Covid-19 has boosted consumer commitment to buying ethically and sustainably, according to the Global Wealth and Lifestyle Report 2021 from Julius Baer, highlighting conscious consumption.

Attributed to the Covid-19 pandemic, changes in consumption patterns and preferences are accelerating, and conscious consumption has become a central theme across almost every sector.

According to the report, even in the high-end goods and premium services sector, HNWIs are transitioning towards increasingly conscious choices, which may result in fairer prices for producers.

In its second edition, the report analyses a portfolio of consumer goods and services that reflect the HNWI lifestyle in 25 key cities around the world.

Tracking prices and consumer behaviour, the report gauges price inflation of goods and services relevant to the HNWI lifestyle, enabling investors to estimate the portfolio returns needed to advance their purchasing power.

Explaining the rise of conscious consumption, Nicolas de Skowronski, head of wealth management solutions at Julius Baer, said: “More and more, we are seeing our clients trying to make their assets work for future generations – their own descendants, but potentially also for the world at large, be it through foresighted planning, impact investing, sustainable solutions, or philanthropy.”

Key Findings

De Skowronski believes the report pointed to two clear conclusions: “The first is to invest; inflation and other factors such as exchange rates and local regulations can play a huge role in the purchasing power of your wealth.”

Globally, the price of the portfolio reflecting HNWI lifestyles increased 1.05%. However, de Skowronski reinforced the importance of regional and local nuance: “Knowing your local or even personal inflation rates and secondly adopting the right wealth management and planning strategies are essential to preventing a real-term erosion of wealth over time.”

Price changes across the HNWI portfolio of goods and services have largely benefitted individuals in the Asia-Pacific region, where new items tend to be cheaper.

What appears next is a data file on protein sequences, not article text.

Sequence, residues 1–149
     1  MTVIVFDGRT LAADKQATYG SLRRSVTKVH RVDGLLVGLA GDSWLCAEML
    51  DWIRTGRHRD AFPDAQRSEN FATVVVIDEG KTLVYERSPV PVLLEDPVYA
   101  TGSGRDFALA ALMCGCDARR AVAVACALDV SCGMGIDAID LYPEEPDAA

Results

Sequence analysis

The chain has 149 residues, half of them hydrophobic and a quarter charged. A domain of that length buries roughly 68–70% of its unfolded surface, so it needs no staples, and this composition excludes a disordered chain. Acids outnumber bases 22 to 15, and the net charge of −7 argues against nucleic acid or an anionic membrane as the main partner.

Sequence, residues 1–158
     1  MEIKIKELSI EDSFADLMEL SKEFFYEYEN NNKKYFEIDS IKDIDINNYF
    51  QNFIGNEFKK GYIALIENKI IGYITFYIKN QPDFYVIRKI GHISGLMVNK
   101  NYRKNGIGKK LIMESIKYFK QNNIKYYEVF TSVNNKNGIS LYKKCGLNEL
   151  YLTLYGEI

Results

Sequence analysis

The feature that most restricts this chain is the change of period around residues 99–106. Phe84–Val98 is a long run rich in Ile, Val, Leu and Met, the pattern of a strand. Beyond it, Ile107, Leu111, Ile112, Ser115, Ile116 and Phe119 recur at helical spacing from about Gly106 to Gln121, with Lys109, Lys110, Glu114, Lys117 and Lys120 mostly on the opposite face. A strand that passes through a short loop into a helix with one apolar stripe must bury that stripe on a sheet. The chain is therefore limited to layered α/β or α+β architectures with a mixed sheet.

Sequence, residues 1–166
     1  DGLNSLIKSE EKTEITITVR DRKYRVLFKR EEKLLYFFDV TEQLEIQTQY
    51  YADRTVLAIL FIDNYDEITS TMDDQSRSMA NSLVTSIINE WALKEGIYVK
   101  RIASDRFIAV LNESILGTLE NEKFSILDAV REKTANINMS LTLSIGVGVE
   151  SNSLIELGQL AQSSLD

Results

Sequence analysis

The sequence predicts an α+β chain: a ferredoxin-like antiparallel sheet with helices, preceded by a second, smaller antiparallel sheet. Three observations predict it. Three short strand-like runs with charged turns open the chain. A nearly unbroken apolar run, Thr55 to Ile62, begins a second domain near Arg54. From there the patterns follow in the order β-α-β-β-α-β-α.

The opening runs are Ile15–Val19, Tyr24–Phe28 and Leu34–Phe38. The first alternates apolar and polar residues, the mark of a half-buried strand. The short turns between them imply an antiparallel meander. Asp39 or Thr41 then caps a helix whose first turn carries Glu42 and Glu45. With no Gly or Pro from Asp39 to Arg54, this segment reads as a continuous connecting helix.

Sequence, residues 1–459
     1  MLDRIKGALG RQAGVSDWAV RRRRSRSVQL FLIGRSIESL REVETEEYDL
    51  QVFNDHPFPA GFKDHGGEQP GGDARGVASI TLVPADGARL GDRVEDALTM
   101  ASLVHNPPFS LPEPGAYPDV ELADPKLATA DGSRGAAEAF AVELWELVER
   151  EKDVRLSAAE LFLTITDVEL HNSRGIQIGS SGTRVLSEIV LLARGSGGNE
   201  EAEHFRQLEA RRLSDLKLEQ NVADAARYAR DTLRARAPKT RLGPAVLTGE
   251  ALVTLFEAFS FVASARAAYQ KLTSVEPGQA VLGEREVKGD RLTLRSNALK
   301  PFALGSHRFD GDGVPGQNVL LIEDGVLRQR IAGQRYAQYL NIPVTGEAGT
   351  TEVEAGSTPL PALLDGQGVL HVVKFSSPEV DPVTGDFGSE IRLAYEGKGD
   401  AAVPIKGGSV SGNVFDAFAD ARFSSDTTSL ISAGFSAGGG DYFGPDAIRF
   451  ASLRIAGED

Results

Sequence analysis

Despite this, Asia remains the most expensive region due largely to the region’s swift recovery from the pandemic, currency stability, and price resilience for the index items.

Shanghai is now the most expensive city in the index, surpassing Hong Kong which now takes second place. Tokyo is the third most expensive city. However, the report notes that the picture remains mixed, with wealth going the furthest in Mumbai.

Rajesh Manwani, head markets & wealth management solutions APAC of Julius Baer, commented: “Asia continues to be the most expensive region in the world for high- and ultra-high-net-worth individuals – a testament to the continent’s ongoing rise.”

The Americas were found to be the most affordable region to live a luxury lifestyle in 2021 due to diminishing value of US and Canadian dollars against other major global currencies.

Mexico City and Vancouver are amongst the most affordable cities in the index, whilst only New York remains in the top 10. This region is the most expensive place for healthcare, but personal technology remains affordable.

Johannesburg, the only African city represented in the index, emerged as the most well-priced place for luxury in 2021. However, Johannesburg was also one of few cities to experience significant price falls over the past year as the South African rand depreciated significantly.

All other cities in EMEA have risen up the rankings, bolstered by the strength of the euro and the Swiss franc, except London, due to Brexit uncertainty.